Broken Glass And Insufficient Metaphors

'Kristallnacht' Fails To Encapsulate Terror of Nazi Pogrom

Nazi Pogrom: The Ludwigsburg Synagogue was destroyed during Kristallnacht.
Wikimedia Commons
Nazi Pogrom: The Ludwigsburg Synagogue was destroyed during Kristallnacht.

By Benjamin Ivry

Published December 18, 2012, issue of December 21, 2012.
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November 9–10, 1938, lives tragically in historical memory for the coordinated attacks against Jews in Germany and Austria by paramilitary forces and locals. A new book, “The Night of Broken Glass: Eyewitness Accounts of Kristallnacht,” argues that to sum up events in which some 400 Jews were murdered “or driven to suicide,” and 30,000 were sent to the Dachau, Buchenwald and Sachsenhausen concentration camps by using a metaphor evoking how windows were broken, is at best “ironically euphemistic.”

Translated by Robert Simmons and Nick Somers from “Nie Mehr Zurück in Dieses Land,” “Never Return to this Country,” edited by sociologist Uta Gerhardt and political historian Thomas Karlauf, this book has the virtue of making ironic metaphors irrelevant, not just inaptly reductive.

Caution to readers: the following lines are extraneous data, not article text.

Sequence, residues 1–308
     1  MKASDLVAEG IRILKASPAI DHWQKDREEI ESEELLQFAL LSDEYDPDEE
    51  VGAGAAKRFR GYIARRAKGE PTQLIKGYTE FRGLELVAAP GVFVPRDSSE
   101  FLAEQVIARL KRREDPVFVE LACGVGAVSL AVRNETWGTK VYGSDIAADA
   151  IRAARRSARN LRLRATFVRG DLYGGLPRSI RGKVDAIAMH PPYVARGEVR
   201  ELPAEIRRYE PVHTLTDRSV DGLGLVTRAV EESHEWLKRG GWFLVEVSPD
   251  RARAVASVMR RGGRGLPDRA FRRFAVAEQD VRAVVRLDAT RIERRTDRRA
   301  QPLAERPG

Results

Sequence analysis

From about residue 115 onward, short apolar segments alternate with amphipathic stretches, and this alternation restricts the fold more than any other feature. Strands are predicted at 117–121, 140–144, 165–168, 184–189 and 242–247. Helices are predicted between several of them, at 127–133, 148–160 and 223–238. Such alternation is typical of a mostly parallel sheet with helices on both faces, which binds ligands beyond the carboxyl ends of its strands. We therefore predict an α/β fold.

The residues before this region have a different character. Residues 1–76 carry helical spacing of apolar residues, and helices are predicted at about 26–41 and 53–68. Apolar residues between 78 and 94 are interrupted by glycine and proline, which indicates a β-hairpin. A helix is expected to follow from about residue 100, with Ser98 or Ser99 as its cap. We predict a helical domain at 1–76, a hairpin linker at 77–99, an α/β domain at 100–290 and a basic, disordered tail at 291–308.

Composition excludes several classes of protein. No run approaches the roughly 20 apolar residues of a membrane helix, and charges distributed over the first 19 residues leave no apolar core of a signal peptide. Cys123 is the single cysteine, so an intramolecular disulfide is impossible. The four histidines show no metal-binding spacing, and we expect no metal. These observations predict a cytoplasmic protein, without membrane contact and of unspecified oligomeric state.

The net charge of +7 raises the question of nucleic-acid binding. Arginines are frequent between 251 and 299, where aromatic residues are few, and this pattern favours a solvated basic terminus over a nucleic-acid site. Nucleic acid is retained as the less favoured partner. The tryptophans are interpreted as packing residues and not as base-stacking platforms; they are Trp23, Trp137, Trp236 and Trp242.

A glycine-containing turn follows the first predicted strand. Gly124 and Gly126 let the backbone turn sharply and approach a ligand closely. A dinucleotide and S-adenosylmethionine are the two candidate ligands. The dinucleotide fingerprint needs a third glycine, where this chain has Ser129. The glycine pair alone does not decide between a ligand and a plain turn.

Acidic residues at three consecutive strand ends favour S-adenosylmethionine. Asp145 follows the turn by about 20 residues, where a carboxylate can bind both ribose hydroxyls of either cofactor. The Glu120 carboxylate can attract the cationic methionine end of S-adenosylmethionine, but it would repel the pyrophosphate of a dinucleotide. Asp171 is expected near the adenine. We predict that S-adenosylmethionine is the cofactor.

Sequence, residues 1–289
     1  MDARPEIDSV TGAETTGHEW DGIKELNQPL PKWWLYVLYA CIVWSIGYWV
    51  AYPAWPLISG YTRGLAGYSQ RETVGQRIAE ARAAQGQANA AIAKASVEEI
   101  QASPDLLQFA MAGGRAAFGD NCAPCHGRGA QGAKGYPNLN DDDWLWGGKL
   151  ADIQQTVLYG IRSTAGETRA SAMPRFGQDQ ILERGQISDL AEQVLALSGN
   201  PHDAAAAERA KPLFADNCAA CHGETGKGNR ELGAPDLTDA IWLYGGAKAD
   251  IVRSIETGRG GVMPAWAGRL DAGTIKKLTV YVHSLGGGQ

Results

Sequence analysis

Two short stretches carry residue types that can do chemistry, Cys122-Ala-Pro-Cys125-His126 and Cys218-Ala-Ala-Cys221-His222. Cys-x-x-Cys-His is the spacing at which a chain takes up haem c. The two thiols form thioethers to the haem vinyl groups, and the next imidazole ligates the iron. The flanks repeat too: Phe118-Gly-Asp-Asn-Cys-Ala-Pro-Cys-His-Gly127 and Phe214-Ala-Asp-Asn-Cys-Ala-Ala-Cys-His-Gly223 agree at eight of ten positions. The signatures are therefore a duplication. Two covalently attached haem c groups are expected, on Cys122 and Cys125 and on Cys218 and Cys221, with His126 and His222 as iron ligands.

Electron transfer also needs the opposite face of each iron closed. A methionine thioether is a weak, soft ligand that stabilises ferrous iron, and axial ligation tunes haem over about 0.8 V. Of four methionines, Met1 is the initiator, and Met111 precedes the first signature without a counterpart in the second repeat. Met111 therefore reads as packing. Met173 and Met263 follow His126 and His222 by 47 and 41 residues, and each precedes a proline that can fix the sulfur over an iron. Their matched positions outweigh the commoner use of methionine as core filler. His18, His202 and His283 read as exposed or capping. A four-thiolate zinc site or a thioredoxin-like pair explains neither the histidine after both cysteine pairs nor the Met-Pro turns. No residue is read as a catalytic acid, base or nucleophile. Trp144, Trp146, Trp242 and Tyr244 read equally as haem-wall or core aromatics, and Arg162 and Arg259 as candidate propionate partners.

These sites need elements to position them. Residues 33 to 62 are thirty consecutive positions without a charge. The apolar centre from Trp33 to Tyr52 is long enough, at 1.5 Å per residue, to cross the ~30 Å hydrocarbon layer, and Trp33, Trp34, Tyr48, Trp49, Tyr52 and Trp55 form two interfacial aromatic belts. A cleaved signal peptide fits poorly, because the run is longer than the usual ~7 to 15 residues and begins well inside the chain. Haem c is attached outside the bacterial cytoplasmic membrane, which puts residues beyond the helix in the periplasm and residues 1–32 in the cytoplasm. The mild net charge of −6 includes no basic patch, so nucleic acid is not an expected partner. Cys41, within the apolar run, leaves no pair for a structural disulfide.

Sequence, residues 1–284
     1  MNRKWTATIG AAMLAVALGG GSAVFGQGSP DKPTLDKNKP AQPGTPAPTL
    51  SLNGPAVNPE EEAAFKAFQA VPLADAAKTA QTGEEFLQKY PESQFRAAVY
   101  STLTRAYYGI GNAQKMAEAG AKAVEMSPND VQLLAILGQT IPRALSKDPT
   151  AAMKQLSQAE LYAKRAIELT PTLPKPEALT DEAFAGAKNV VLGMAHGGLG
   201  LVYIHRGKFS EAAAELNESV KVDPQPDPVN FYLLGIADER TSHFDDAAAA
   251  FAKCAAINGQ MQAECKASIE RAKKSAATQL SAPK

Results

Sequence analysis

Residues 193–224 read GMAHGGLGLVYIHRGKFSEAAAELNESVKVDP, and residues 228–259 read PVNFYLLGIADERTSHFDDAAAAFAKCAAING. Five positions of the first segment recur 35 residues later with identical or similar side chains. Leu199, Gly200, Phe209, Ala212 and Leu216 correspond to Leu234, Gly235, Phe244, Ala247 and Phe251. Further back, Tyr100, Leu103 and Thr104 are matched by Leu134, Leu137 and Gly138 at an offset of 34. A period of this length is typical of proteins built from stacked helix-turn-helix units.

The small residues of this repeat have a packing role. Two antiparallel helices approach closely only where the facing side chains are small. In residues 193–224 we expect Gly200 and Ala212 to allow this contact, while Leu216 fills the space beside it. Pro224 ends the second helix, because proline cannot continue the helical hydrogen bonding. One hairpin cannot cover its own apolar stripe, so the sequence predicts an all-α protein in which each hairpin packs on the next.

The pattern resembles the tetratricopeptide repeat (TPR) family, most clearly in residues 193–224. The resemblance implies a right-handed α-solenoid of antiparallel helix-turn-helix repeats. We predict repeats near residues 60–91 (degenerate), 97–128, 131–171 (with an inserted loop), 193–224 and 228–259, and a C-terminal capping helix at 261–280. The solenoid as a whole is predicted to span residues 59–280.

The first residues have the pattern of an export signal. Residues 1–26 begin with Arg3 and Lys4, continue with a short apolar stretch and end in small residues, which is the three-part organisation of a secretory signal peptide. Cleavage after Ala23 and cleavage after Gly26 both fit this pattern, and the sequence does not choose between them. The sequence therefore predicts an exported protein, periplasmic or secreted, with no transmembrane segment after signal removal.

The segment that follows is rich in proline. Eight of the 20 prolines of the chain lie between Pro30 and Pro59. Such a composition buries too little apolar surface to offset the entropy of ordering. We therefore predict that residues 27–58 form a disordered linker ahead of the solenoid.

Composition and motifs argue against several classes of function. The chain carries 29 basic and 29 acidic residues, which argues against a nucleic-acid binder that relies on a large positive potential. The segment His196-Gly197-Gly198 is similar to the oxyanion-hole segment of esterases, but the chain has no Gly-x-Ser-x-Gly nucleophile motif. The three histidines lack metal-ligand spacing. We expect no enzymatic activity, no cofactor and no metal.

“The Night of Broken Glass” puts human faces on hitherto inadequately named events. The narrations were originally compiled by American sociologist and heroic anti-Nazi activist Edward Hartshorne, who was murdered in postwar Germany after he discovered, to his horror, that U.S. Army counterintelligence officials were smuggling Nazi war criminals out of Soviet-occupied Austria and Eastern Europe to South America to serve as future Cold War allies.

Almost a decade earlier, Hartshorne had joined a group of Harvard sociologists who were launching a writing competition for those who had experienced Nazi persecution. The essay contest drew hundreds of entries, including a handful from enthused Nazis who misunderstood the competition’s purpose. More than 250 manuscripts arrived, most from Jews.

From these, Hartshorne edited a group dealing with November 9–10, 1938, to form “Nazi Madness: November 1938,” a book that would never be published. After sending the book to a prospective publisher in 1941, Hartshorne joined the American Secret Service and the book never saw the light of day. Gerhardt and Karlauf rediscovered Hartshorne’s typescript in 2008, in a California archive. The editors call the collection “a document of the greatest importance for modern history.”


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